Companies can seek either SOC 2® Type I or Type II. Type I examines the design of controls at a specific point in time. Type II evaluates the operating effectiveness of those controls over a period of time. While a Type I report can be completed fairly quickly, a Type II audit can take up to 18 months, including the readiness and audit periods. Retaining SOC 2® validation requires repeating the audit on a regular basis (usually annually).

Pratum consultants help numerous companies each year determine whether they would benefit from a SOC 2 report and then prepare for the SOC 2 process if they move forward. To learn more about how Pratum can help simplify the journey for you, contact us today.

Cybersecurity in 60 Webinar: How to Get the Most Out of a Penetration Test Highlights

Performing regular penetration tests is an easy decision. They represent a key piece of your overall security strategy. But getting the most from your next penetration test can be more challenging as you sort through multiple questions. How do you choose the best penetration test vendor? How do you decide what to test? Why do quotes from different vendors vary so much?

All these key topics came up during Pratum’s latest Cybersecurity in 60 webinar. Pratum Senior Penetration Tester Jason Moulder and Troy University CTO Greg Price shared insights from the perspectives of a tester and a client on how to make the most of a penetration test. Here are the highlights of their conversation. To view the entire webinar, click here.

Pen Testing Client Greg Price, CTO, Troy University
Greg Price
CTO, Troy University
Pratum Senior Pen Tester Jason Moulder
Jason Moulder
Senior Penetration Tester, Pratum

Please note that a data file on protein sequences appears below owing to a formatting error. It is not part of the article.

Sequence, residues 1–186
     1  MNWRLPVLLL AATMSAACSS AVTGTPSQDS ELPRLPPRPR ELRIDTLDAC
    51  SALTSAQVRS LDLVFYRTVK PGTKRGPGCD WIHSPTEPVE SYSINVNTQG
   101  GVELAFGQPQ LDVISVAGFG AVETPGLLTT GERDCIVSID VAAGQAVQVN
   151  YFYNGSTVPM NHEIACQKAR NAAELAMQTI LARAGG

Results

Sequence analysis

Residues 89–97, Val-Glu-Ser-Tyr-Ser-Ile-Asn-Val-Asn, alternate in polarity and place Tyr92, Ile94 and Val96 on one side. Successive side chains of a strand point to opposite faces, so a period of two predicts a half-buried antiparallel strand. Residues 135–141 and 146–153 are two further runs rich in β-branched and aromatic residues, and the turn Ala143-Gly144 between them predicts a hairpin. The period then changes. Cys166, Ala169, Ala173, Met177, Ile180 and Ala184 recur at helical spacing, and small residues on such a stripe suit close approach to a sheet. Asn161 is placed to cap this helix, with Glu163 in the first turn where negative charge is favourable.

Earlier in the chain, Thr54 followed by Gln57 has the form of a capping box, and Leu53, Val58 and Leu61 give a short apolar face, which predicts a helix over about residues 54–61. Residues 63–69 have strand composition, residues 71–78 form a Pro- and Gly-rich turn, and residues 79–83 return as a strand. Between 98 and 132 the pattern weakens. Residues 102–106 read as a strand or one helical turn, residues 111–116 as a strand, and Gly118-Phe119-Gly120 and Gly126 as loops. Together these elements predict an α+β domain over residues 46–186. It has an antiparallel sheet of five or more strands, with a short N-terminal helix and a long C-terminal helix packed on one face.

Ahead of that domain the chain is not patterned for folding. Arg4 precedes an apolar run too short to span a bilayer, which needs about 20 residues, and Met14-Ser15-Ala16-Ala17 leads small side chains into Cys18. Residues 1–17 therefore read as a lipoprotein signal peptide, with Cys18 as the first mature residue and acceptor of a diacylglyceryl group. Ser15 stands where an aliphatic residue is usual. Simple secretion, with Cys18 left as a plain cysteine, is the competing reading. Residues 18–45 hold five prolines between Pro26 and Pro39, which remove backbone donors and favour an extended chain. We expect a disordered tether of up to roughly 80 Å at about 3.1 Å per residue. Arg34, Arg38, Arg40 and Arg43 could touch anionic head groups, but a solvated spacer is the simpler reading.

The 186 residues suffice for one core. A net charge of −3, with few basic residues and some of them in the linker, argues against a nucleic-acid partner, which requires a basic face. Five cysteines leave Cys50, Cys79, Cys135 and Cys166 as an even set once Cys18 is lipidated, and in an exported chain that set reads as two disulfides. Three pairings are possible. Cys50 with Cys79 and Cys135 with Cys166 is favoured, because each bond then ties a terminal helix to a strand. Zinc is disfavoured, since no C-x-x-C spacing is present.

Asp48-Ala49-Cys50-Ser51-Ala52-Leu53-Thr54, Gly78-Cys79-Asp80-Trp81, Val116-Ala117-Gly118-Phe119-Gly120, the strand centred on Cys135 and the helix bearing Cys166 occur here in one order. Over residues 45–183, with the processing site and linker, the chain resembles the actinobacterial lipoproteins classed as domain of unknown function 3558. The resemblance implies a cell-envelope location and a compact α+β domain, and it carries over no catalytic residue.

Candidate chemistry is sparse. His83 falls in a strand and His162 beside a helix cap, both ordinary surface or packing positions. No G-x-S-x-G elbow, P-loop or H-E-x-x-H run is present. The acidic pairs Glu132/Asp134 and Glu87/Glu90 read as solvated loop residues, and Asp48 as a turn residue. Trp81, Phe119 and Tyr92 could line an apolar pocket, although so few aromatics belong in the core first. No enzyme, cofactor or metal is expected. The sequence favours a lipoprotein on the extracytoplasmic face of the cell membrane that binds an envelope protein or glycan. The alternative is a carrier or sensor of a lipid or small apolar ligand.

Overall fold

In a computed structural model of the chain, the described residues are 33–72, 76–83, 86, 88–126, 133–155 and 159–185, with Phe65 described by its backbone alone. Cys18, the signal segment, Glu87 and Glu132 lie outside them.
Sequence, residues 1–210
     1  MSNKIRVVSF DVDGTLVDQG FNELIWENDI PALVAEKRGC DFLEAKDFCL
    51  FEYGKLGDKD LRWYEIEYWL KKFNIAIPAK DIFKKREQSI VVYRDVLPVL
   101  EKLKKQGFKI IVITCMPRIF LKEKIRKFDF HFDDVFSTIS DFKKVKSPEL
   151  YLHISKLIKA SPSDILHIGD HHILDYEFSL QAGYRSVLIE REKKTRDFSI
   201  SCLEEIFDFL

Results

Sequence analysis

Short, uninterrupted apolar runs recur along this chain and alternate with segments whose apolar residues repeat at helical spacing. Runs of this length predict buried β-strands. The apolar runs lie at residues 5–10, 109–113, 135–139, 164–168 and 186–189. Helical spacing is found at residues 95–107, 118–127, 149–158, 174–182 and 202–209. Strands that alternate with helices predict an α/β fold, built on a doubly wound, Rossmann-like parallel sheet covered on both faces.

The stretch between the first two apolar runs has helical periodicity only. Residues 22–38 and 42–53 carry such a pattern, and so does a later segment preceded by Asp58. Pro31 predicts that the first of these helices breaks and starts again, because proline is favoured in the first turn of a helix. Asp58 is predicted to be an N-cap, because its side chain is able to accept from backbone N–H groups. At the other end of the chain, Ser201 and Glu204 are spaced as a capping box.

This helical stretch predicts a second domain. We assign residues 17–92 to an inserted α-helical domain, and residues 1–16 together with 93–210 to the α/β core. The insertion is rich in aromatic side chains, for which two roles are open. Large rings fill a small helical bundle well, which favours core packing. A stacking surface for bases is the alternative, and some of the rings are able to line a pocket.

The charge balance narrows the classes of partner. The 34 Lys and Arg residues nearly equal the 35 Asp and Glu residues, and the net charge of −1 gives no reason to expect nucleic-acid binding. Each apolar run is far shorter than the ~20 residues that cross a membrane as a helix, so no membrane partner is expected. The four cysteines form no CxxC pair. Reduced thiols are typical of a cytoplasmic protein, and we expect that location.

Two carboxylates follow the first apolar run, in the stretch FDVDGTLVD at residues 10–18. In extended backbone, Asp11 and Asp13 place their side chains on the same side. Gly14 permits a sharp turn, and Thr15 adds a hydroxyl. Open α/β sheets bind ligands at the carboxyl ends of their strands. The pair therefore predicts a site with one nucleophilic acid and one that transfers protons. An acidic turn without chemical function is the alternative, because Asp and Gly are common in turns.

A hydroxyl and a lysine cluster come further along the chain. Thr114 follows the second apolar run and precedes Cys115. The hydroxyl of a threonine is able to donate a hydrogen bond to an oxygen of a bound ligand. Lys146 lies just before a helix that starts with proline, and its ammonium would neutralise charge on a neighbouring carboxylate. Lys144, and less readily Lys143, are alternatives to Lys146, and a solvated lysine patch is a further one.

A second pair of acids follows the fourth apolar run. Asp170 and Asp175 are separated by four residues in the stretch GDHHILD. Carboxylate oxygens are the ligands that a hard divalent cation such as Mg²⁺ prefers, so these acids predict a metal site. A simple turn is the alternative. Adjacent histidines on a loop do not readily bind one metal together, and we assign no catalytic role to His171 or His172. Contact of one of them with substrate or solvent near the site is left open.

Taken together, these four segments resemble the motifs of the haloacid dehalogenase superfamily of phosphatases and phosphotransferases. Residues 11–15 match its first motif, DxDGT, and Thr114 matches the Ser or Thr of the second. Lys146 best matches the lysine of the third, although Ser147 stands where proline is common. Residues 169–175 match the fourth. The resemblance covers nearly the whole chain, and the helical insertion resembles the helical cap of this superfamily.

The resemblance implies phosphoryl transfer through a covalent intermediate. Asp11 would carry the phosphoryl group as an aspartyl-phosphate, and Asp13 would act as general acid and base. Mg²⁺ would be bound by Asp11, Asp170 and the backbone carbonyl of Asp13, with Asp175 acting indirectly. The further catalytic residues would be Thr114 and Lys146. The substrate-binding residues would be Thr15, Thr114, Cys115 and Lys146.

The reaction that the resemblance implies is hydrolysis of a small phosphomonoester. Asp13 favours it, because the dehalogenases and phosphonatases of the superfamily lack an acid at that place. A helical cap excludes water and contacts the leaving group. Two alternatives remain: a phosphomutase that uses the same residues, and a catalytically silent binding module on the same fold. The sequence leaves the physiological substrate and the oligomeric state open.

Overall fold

Q:

What should everyone know before they start a penetration test?

Jason:

First, make sure that you’re getting an actual penetration test and not just a vulnerability scan. (This infographic shows all the elements that go into a full penetration test.)

Second, do your homework on the penetration testing company you’re thinking of using. What kind of credentials do the actual testers have? How many years of experience do they have? What are people saying about them online? You should look for a long-term partnership, not just one-and-done things.

Greg:

It seems like someone calls me every day who is hanging out their shingle as a cybersecurity expert. I’m always dubious of those claims, especially if the organization appears overnight. So the maturity of the organization we’re going to work with is of enormous interest for me.


Q:

So what’s the difference between a vuln scan and a penetration test?

Greg:

A penetration test is predicated on a vuln scan. Any penetration testing professional has to know the lay of the landscape, which is where a vuln scan comes into play by knocking on the door, running various scans to see what’s forward facing for the Internet to take a peek at it.

The penetration test provides me greater insight into those vulnerabilities. It shows where gaps are not only from a technical perspective, but from a policy perspective. It provides a practical application of how my team is working, what’s going on with our resources.

Jason:

Keep in mind that a vuln scan is only programmed to find things that are known. (Click here for a full comparison of penetration tests and vuln scans.)


Q:

How do you set effective rules of engagement for the test?

Greg:

You can get stealthy with a penetration test or get loud and bang on the doors and hope somebody’s paying attention. If the rules are not laid out clearly, those doing the work can get too noisy and too rough and disrupt the environment, and that can be an absolute disaster.